Lebanon’s caretaker Minister of Energy and Water, Gebran Bassil, has developed into one of Lebanon’s most controversial political figures. Mr Basil – backed by his party, the Free Patriotic Movement (FPM – which is headed by his powerful father-in-law, Michel Aoun) – refuses to back down from his insistence that he retain the energy portfolio in a future cabinet. Mr Basil’s position has long played a role in delaying the formation of a new government in Lebanon, a process that has seen 11 months of failure due to a wide range of obstacles. Yet public debate in recent weeks has focused on Mr Basil, who says that the FPM must control three key portfolios in the next cabinet: the foreign ministry, the ministry of energy and water and the telecommunications ministry.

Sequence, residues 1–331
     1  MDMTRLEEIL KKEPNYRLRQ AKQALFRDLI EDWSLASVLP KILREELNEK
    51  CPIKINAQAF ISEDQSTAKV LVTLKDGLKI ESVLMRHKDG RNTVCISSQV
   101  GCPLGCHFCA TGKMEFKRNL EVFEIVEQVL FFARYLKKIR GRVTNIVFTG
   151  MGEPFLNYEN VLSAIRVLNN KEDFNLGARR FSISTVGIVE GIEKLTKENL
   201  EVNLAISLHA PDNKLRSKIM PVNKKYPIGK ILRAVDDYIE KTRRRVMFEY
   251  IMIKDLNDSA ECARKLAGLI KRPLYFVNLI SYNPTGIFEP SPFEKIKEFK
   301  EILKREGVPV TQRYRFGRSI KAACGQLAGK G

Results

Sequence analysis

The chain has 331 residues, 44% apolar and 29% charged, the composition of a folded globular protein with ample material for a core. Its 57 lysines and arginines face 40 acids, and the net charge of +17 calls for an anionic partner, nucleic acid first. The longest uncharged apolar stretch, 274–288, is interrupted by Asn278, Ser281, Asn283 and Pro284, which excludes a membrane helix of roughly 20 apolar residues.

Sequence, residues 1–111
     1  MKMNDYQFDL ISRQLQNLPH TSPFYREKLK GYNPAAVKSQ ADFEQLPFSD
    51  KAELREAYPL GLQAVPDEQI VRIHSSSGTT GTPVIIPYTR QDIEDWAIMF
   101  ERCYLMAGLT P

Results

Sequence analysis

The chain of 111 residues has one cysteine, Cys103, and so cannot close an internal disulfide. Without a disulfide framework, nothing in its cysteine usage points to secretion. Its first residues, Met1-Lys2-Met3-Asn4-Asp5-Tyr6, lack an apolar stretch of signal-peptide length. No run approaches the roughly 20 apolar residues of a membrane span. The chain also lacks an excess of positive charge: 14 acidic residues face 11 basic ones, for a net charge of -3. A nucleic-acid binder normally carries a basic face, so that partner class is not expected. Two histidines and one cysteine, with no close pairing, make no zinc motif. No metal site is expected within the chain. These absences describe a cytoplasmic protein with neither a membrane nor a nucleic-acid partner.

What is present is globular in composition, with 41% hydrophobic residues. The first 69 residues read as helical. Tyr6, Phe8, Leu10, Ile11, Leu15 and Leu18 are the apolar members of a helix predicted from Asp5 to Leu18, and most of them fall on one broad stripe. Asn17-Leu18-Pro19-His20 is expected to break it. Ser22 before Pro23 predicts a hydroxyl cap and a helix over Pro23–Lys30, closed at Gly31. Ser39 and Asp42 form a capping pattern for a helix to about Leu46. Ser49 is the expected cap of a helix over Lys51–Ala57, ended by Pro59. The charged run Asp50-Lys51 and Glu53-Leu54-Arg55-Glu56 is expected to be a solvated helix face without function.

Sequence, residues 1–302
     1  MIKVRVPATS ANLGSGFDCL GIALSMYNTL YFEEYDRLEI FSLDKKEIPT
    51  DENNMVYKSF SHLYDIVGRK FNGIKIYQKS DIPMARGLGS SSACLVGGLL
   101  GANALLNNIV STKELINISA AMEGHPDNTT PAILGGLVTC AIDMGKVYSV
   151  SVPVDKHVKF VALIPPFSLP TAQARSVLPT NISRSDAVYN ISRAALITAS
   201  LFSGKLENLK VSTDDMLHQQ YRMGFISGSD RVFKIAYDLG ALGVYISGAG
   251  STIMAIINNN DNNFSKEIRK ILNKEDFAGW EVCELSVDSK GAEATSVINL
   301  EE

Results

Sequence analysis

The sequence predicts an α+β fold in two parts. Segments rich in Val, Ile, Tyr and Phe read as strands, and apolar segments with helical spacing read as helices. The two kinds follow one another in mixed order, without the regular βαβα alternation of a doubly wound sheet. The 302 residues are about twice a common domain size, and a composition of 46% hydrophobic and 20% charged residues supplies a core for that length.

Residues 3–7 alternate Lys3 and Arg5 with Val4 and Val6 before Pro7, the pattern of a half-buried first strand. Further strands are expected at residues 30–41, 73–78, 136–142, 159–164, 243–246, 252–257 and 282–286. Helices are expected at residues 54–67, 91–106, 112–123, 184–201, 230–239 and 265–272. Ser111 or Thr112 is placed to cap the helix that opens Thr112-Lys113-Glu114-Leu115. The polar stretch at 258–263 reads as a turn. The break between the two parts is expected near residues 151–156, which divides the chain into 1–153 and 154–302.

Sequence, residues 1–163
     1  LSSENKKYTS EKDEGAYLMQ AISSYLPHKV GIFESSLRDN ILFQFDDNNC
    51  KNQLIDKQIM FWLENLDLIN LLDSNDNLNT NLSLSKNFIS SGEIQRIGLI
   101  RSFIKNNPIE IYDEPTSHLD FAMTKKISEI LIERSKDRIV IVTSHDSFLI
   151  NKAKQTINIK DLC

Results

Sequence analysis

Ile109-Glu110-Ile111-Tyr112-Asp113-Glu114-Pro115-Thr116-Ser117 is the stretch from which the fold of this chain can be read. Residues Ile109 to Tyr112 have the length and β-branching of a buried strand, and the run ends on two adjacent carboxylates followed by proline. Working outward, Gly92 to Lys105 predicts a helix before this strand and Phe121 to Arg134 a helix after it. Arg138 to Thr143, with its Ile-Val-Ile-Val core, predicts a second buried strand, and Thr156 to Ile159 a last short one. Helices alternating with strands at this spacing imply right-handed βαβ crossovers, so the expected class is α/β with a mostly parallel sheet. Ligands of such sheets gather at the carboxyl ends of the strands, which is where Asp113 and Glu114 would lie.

Mr Basil has sought to tie his control of the energy ministry to Lebanon’s deeply rooted system of sectarian apportionment: “[The Energy and Water portfolio] is strategic for Lebanon and Christians because it entails international relations stolen from the Christians 25 years ago. It also includes a balanced development that was absent from Christian [areas] for 25 years…Therefore, it is a primary ministry par excellence and should not be a target of exclusion and it is the right of this sect [Christians] to be trusted with Lebanon’s oil for an interim period.” (CONTINUED - 660 WORDS)